At some point during my childhood, my mom started doing a very clever thing whenever my sister or I misbehaved. She would confront us about our naughtiness and conclude with "I don't know what the consequences will be yet, I'm going to think about it. Try not to worry." It was agony at the time, fretting over what punishment might befall me. The actual atonement was always far less intense than anything I cooked up though my imagination, but the process itself made a significant impression on me. It got me thinking about the consequences of my actions.
In that way, I think it was an effective parenting technique. Possibly too effective, since to this day I still consider the future results of almost every decision I make or action I take. From big things like should I quit my job and start a business, all the way down to the minutia of what order I should tackle house chores to be most efficient with my time.
I see it as both a blessing and a curse. On the one hand it has kept me safe from harm. Like the time I almost tried to reach the very top shelf in my kitchen through the leverage of one foot on a rickety stool and the other knee on the counter. The moment before I shifted my weight irreversibly onto my counter leg I had a vision of the immediate future. I saw the series of unfortunate events that would unfold if the stool gave way (which it was sure to do). In my mind’s eye I saw what I would knock over as I fell and what those objects would knock into and which of my body parts would land on the hot stove, in the sink full of dishes and onto the hard floor. So I abandoned the rickety stool in favor of a nice stable kitchen chair and retrieved ingredients from the top shelf, avoiding all calamity.
Another aspect of the blessing/curse simultaneity is that the future occurs to me as much more concretely present than it does for some other folks. The future is not just a vague potentiality, I feel the shadowy echo of that future in the present moment. The accompanying existential dread is very real and can sometimes be hard to shake. Of course it works the same way with potential positive consequences as well. The future is not all doom and gloom. When I foresee a positive future result, I also feel a little bit of that in the present moment. It’s exciting and inspirational. It keeps me going.
It could be very easy for my propensity toward consequence consideration to result in decision paralysis, but somehow I went the opposite direction. I am a very decisive person. I know my decisiveness is also partly born of my willingness to pivot and try something different if the first approach isn’t working. I also assume it’s because I'm prepared to take responsibility for any eventual outcome. If I’m owning the success or failure equally no matter what happens, I might as well be the decider of the decision I'm taking responsibility for.
Unforeseen consequences are harder to contend with. For example, this week I unknowingly ate something I am allergic to and my (extremely powerful) immune system tried a little too hard to help. I have never before had any kind of reaction to the foods I ate, so I did not consider any of those things as potential dangers. Nevertheless, my body went into FULL PROTECTION MODE and I ended up in the urgent care in the middle of the night for an intervention.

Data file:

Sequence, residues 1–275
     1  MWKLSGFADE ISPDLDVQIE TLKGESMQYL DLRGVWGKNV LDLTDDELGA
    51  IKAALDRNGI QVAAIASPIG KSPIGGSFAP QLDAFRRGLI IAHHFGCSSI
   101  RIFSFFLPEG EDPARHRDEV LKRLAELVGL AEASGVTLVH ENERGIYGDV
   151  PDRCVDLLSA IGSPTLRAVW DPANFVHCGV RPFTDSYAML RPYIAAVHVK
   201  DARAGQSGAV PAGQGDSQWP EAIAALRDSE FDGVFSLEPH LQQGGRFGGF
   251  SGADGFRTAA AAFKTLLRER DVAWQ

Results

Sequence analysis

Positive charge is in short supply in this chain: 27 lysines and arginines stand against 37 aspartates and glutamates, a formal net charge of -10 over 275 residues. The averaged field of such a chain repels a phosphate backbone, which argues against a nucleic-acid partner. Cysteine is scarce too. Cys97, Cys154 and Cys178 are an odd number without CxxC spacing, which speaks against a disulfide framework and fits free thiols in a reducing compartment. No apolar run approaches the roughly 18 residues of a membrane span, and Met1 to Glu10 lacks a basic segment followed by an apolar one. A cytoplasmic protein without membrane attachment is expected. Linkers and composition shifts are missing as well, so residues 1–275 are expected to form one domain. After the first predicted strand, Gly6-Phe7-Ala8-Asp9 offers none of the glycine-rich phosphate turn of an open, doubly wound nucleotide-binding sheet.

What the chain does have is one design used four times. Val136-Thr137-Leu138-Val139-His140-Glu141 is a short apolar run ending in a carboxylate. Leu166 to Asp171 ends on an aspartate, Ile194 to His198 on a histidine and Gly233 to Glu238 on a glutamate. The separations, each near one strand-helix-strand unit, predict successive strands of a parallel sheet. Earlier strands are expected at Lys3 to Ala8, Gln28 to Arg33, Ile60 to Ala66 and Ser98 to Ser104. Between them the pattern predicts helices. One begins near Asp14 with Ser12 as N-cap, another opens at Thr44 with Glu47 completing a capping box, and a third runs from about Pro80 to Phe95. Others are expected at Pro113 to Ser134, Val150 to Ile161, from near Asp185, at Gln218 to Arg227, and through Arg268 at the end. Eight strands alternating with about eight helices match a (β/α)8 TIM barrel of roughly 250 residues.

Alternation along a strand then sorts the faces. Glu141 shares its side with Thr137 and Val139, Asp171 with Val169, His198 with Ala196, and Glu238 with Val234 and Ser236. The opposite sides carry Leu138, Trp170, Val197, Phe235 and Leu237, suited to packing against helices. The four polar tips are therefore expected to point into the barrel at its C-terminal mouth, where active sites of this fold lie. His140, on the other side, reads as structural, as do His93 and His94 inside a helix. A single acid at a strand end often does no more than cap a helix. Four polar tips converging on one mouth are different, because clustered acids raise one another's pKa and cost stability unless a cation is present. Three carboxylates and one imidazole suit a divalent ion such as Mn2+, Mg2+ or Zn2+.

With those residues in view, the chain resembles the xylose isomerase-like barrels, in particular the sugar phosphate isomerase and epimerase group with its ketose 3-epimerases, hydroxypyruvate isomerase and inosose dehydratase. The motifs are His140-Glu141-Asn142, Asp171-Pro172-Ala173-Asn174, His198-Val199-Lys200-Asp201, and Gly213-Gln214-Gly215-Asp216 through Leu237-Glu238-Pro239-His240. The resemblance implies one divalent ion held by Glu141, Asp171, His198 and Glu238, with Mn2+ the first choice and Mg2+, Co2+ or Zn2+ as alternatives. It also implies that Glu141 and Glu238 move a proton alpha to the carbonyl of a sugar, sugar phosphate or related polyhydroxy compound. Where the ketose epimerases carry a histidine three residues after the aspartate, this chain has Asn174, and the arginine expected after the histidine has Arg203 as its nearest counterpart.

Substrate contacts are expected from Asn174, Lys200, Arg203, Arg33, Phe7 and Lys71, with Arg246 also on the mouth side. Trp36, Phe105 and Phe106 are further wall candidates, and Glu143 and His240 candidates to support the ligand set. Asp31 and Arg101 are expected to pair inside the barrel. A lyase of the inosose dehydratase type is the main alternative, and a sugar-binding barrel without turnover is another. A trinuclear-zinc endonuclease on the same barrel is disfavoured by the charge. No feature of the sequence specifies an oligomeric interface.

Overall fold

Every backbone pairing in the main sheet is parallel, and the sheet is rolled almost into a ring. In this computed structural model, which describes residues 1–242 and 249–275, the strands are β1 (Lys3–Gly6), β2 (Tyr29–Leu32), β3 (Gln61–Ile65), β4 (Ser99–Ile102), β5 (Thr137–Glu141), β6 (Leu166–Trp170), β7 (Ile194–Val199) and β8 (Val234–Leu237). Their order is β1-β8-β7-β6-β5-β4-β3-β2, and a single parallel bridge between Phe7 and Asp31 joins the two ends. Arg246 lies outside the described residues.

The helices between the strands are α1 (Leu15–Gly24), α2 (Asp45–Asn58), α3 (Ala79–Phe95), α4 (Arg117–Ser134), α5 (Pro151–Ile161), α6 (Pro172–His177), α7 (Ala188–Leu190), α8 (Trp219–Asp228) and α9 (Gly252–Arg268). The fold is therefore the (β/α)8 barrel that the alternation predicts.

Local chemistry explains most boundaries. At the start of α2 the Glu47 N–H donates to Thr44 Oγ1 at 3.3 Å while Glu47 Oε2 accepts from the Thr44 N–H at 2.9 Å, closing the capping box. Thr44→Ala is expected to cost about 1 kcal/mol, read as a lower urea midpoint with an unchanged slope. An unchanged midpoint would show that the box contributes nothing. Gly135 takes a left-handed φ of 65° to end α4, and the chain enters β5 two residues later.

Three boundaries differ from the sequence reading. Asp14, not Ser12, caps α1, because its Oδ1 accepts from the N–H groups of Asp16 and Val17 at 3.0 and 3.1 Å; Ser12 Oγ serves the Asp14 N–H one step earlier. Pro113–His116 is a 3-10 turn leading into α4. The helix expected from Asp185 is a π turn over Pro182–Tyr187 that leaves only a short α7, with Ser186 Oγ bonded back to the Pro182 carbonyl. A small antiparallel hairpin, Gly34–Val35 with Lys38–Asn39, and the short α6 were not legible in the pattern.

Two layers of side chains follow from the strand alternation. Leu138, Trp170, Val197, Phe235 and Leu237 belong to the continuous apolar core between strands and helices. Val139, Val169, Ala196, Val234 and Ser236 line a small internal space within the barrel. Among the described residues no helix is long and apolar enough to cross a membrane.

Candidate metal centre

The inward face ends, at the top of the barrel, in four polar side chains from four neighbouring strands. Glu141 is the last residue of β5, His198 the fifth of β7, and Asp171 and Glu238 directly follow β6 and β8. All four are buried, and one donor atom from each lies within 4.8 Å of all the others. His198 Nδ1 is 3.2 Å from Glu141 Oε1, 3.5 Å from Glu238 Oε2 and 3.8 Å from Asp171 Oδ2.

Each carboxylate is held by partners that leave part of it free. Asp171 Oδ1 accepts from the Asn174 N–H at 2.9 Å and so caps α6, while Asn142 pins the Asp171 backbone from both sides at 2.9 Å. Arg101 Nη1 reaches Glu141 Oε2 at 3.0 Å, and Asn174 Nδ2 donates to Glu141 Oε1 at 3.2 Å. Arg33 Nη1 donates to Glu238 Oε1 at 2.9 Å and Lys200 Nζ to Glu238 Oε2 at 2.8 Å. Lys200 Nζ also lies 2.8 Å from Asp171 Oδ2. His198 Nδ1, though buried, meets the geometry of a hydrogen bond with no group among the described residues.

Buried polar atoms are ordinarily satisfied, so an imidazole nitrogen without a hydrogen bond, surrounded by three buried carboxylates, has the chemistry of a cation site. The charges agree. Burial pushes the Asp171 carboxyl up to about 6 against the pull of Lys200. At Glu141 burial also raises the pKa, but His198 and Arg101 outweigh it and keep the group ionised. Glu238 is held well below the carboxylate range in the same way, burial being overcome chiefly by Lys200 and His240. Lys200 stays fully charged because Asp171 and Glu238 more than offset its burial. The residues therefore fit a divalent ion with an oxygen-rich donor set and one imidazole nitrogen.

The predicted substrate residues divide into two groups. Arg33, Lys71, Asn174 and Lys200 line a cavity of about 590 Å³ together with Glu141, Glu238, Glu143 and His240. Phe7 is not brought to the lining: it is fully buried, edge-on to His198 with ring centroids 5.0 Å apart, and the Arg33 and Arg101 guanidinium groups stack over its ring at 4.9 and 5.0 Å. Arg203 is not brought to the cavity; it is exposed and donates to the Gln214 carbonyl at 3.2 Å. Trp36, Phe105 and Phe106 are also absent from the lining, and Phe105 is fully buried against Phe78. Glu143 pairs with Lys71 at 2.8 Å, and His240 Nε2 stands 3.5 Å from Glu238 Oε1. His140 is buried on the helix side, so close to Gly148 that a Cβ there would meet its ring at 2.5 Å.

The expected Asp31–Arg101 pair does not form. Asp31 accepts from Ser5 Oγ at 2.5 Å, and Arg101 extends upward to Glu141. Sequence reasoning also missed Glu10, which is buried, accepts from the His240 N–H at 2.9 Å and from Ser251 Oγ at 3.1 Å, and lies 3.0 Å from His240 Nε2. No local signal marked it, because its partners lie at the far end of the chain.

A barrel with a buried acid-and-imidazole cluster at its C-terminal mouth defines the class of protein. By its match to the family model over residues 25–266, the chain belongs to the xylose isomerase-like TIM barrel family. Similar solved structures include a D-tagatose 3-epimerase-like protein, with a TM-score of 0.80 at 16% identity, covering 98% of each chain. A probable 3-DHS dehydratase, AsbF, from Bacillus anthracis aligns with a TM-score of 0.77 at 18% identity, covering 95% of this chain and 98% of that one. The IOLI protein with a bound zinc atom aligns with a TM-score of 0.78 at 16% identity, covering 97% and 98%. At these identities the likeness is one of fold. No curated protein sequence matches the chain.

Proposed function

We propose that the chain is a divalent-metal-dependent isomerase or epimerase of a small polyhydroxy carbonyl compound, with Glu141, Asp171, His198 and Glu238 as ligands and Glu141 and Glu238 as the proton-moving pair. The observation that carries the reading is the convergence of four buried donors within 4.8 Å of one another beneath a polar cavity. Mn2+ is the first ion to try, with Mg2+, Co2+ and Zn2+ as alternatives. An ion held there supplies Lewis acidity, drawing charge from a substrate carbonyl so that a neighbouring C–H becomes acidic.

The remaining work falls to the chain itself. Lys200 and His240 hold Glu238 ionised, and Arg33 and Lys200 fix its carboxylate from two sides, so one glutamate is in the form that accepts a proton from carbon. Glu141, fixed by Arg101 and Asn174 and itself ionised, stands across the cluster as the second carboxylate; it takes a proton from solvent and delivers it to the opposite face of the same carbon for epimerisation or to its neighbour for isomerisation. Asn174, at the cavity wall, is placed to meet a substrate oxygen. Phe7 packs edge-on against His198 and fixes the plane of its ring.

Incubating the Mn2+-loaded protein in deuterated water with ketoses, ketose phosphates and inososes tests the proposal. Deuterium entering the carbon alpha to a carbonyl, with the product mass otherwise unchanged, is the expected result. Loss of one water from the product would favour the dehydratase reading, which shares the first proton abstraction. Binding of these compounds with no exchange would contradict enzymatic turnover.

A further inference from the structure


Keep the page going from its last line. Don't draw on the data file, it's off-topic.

The main symptom-splosion began to recede a few hours after the very kind nurses handed me some pills to swallow as the drugs took effect. Now I can clearly feel the consequences of the whole ordeal. My skin feels like somebody wrung it out like a wet towel. I’m still swollen in unlikely places. And I'm exhausted. Apparently it's a lot of work to be poisoned and a lot of work to recover.
The only good consequence is that the steroids they put me on to resolve the allergic reaction pepped up my brain, so I was unnaturally alert for work after only 4 hours of uncomfortable and itchy sleep. This is a fortunate consequence because with the tax deadline looming in just a few days I didn't have time to postpone any client meetings. So there I was, meeting with clients on zoom, not outwardly presenting like I'd been up half the night feeling terrible. Lucky break.
I take much of what life throws at me in stride. I feel just as much of the melancholy, despair, fear, guilt, and upset that anyone does. I just bounce back quickly. Which is truly a testament to the power of practice. I spend time doing physical things with good alignment so that when I am moving through the world more unconsciously, I am more likely to move in a way that’s good for my body. I’ve had a lot of practice considering the consequences of my actions, so I can move through the world in a deliberate and intentional way much of the time.
I’m not flawless, of course. I make mistakes and misjudgments just like everybody else. One distinction I see for how I go about it is that I consider the broad picture consequences, not just the effect I will personally experience. There is an important lesson in that for greater society. Plenty of people consider the consequences of their own actions insofar as they are affected. We need to do more considering of what other people will experience as a result of our action or inaction. And we especially need to consider what will happen for the people who think, act, and live differently than we do. If we start doing more of that, then maybe we can finally fix some things in the world that desperately need fixing.
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Jaydra is a human in-process, working to make the world a better place. Sharing thoughts, feelings, and observations about the human experience.